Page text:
The Whigs in State convention at Albany, New York, February 3, 1836, adopted some resolutions which could scarcely be called articles of political faith, unless adherence to one man and hostility to another could be so construed. One of these resolutions denounced Martin Van Buren, and another eulogized General Harrison, and pledged him their support.

The Democrats of New York declared their belief in the self-evident truths enumerated in the Declaration of Independence; enlarged upon the natural rights of man, and his relations to society and government; and demanded the largest individual freedom consistent with public peace. They also declared their unqualified hostility to paper money, and to the creation of monopolies by legislation.

The National Democratic convention met in Baltimore May 20, 1836, and nominated Jackson's choice, Van Buren, for President; and Richard M. Johnson of

Kentucky for Vice-President. Some of the disaffected Democrats put Hugh L. White, of Tennessee, in nomination.

An attempt was made at this convention to repeal the two thirds rule. In fact, the effort was successful by a small margin of votes; but, upon a reconsideration, the rule was readopted.

The result of the popular vote was:

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Van Buren's election did not evoke sufficient State pride to keep his party in line in New York. At the election of 1837 his forces were completely routed upon local issues.

In the same year (1837) the Anti-Masonic party was

1 Electoral votes for Van Buren: Maine, 10; New Hampshire, 7; Rhode Island, 4; Connecticut, 8; New York, 42; Pennsylvania, 30; Virginia, 23; North Carolina, 15; Louisiana, 5; Mississippi, 4; Illinois, 5; Alabama, 7; Missouri, 4; Arkansas, 3; Michigan, 3-total, 170.

For Harrison: Vermont, 7; New Jersey, 8; Delaware, 3; Maryland, 10; Kentucky, 15; Ohio, 21; Indiana, 9-total, 73.

For Daniel Webster: Massachusetts, 14-total, 14.

For Mangum South Carolina, II—total, II.

For Hugh L. White: Georgia, II; Tennessee, 15-total, 26.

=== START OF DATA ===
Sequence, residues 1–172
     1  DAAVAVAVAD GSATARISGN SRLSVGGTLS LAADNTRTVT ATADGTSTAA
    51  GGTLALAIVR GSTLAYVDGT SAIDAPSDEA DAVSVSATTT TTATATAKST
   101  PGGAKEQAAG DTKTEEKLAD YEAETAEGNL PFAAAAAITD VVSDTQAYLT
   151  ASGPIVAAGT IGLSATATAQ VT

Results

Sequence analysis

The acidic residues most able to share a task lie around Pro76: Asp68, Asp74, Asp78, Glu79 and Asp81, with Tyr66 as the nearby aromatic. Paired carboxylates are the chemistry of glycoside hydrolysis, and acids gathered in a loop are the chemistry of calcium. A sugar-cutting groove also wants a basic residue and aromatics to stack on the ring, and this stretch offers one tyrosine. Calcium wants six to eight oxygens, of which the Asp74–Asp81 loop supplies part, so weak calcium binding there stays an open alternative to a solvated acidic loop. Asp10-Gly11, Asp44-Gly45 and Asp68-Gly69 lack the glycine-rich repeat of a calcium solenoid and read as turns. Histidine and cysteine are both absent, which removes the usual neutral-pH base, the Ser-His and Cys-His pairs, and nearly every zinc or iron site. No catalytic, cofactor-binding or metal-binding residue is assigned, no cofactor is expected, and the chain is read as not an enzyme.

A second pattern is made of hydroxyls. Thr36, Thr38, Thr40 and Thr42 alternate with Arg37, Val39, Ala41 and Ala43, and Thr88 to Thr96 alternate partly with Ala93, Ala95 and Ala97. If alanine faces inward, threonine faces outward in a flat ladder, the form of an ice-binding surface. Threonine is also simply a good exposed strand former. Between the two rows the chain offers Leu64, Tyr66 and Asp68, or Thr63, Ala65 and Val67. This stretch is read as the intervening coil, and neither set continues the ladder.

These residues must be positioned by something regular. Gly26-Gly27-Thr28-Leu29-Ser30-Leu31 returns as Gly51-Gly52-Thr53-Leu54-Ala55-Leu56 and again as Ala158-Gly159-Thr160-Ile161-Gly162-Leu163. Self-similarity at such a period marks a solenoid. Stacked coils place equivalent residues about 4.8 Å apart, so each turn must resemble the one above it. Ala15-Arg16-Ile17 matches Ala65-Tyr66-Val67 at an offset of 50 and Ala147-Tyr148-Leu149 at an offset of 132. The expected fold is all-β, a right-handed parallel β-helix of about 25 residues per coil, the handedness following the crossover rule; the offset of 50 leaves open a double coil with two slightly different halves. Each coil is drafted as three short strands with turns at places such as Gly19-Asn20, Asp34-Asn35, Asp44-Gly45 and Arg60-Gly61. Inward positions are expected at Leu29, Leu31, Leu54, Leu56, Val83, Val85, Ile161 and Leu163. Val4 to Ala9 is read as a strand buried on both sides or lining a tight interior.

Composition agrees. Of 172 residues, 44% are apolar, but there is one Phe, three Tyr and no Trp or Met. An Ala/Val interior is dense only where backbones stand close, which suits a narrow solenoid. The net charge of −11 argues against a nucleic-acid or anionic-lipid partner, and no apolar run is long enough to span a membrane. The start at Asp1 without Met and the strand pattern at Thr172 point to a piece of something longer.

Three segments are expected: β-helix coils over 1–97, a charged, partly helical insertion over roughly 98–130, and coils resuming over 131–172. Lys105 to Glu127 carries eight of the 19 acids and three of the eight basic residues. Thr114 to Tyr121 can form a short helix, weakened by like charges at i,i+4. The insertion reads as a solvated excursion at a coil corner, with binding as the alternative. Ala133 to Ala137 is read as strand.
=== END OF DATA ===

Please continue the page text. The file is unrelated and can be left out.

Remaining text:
galvanized into an appearance of life. Probably in the hope of deluding some of the voters this faction placed the prefix Democratic " before its proper name. A convention was held on September 11th, in Washington. Only five States of the twenty-six were represented, but those who attended were, or declared themselves to be, "last ditch" men. They resolved that "we will persevere in our national and State organizations until secret oath-bound societies shall be prostrated throughout the Union." Thaddeus Stevens was a member of the National committee. As was, in later years, proved upon a wider field of action, he was bold, able, and not overscrupulous in reaching a desired end. His party had elected the governor (Ritner) of Pennsylvania in 1835, but being defeated in their effort to re-elect him in 1838, they sought to secure control of the legislature by excluding Senators and members of the House elected to represent Philadelphia at the session opening in January, 1839. The constituents of these representatives, fired with indignation at the attempted outrage, gathered in Harrisburg to defend their rights. Governor Ritner, a well-meaning German, was panic-stricken, and was easily persuaded to call out the State militia with guns loaded with ball and buckshot. There was intense excitement, and imminent danger of a collision. But the resolute and unwavering stand of the civilians showed that they were not to be overawed or defrauded. At a critical juncture in the proceedings, Thaddeus Stevens, a member of the House, Charles B. Penrose, Speaker of the Senate, and T. H. Burrows, Secretary of the Commonwealth, the leaders of the conspiracy, took fright at the state of affairs they had brought about, escaped through a window from the Senate chamber, and "the Buckshot war" was ended; and so was the Anti-Masonic party.

In this same year (1837) the growing hostility to slavery was manifested by a convention held in Alton, Illinois.